Morse code is a type of character encoding that transmits telegraphic information using rhythm. Morse code uses a standardized sequence of short and long elements to represent the letters, numerals, punctuation and special characters of a given message. The short and long elements can be formed by sounds, marks, or pulses, in on off keying and are commonly known as "dots" and "dashes" or "dits" and "dahs". The speed of Morse code is measured in words per minute (WPM) or characters per minute, while fixed-length data forms of telecommunication transmission are usually measured in baud or bps.
Originally created for Samuel F. B. Morse's electric telegraph in the early 1840s, Morse code was also extensively used for early radio communication beginning in the 1890s. For the first half of the twentieth century, the majority of high-speed international communication was conducted in Morse code, using telegraph lines, undersea cables, and radio circuits. However, the variable length of the Morse characters made it hard to adapt to automated circuits, so for most electronic communication it has been replaced by machine readable formats, such as Baudot code and ASCII.
The most popular current use of Morse code is by amateur radio operators, although it is no longer a requirement for amateur licensing in many countries. In the professional field, pilots and air traffic controllers are usually familiar with Morse code and require a basic understanding. Navigational aids in the field of aviation, such as VORs and NDBs, constantly transmit their identity in Morse code. Morse code is designed to be read by humans without a decoding device, making it useful for sending automated digital data in voice channels. For emergency signaling, Morse code can be sent by way of improvised sources that can be easily "keyed" on and off, making Morse code one of the most versatile methods of telecommunication in existence.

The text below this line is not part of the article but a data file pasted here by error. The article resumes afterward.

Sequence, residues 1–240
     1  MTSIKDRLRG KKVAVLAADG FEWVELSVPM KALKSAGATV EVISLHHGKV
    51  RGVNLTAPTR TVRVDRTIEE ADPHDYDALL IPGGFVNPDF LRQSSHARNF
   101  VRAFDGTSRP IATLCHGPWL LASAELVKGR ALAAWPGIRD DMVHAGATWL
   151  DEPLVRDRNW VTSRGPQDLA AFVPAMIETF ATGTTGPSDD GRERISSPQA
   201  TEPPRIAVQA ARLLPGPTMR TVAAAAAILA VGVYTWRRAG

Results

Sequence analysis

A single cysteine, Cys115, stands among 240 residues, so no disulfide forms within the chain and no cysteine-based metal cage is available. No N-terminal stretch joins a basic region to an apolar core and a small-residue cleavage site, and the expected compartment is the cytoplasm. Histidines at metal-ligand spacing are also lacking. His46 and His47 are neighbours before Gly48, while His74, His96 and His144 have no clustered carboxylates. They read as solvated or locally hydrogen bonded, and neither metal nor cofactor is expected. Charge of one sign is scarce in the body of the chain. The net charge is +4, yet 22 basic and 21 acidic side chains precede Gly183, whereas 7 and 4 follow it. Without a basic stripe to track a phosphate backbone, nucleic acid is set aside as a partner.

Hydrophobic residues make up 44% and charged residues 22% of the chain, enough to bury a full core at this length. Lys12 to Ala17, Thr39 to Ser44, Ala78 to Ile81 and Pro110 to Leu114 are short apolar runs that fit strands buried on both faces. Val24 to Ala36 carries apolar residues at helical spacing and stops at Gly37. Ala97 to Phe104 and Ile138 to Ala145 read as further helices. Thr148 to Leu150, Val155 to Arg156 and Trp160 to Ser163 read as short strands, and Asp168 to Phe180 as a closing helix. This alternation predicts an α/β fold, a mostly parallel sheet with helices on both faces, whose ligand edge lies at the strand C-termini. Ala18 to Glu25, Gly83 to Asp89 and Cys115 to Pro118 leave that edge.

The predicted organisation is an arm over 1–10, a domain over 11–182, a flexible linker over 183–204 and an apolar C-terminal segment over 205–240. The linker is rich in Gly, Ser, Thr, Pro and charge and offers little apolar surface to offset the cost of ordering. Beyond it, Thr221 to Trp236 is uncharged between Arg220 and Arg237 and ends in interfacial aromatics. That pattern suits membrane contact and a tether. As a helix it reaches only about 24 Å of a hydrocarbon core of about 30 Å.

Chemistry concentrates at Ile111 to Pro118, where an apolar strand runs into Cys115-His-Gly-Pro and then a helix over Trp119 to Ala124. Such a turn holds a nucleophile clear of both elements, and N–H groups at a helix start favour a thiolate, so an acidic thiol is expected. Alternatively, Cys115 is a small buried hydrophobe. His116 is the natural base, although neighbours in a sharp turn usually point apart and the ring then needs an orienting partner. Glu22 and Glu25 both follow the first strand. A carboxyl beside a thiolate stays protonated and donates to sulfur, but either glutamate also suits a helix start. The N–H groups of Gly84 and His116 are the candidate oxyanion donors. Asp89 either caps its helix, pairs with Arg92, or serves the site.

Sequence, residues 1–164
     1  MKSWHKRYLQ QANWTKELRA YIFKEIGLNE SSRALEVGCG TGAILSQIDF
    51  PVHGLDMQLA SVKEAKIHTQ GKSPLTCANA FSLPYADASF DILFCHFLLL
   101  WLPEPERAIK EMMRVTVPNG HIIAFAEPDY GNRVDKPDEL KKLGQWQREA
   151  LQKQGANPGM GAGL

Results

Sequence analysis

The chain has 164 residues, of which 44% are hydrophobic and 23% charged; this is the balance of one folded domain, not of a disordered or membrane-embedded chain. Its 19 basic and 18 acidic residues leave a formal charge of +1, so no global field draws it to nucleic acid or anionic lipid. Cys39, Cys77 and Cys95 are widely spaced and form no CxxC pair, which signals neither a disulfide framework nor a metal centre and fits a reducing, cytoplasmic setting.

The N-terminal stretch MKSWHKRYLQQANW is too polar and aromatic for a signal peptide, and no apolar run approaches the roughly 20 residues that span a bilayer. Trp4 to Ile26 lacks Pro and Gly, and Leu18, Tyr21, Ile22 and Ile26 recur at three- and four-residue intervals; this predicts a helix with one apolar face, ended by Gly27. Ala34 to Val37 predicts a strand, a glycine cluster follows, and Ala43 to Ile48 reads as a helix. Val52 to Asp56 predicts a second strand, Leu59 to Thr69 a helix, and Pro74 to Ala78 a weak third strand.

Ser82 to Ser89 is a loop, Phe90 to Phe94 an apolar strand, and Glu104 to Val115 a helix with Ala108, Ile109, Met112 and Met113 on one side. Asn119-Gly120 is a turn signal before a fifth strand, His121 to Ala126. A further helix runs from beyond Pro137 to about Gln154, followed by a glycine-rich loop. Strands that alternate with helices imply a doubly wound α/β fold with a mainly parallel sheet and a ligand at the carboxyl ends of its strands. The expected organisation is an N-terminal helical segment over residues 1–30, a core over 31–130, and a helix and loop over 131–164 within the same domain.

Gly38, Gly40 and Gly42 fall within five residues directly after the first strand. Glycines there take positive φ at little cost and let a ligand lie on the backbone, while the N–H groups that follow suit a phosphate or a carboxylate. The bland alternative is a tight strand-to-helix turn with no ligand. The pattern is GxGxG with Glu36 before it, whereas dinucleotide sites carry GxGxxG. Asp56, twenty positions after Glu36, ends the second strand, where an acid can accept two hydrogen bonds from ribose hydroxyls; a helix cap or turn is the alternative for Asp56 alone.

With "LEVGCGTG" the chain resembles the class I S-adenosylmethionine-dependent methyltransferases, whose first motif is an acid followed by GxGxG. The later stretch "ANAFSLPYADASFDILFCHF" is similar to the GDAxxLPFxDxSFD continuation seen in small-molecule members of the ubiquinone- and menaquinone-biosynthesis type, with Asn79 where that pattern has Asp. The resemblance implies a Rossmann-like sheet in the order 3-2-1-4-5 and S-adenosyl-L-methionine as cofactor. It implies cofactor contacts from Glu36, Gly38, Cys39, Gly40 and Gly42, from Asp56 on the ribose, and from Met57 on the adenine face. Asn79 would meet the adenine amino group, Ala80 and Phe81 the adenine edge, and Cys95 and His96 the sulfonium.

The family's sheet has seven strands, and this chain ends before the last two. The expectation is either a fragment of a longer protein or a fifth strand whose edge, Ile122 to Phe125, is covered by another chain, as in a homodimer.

I checked out the Development and History section of the Morse Code article and I must say that I learned something new! Having not known much about the history of Morse Code, I had always assumed that it was originally invented for the same reasons that it has been used for the last 150+ years. Surprisingly enough, the technology evolved through some interesting methods... history never ceases to amaze!
On another note, if the world and all of it's technology were to be turned upside down one day, one could depend on basic technologies such as Morse Code for communication. Those possessing this knowledge would be indispensable! Unfortunately, like many old-school technologies and skills, they are falling by the wayside as digital technologies take over. But one day, it will all blink off and we'll need to know how to do things old-school again... one can only hope the library has some good info in print. But, I digress...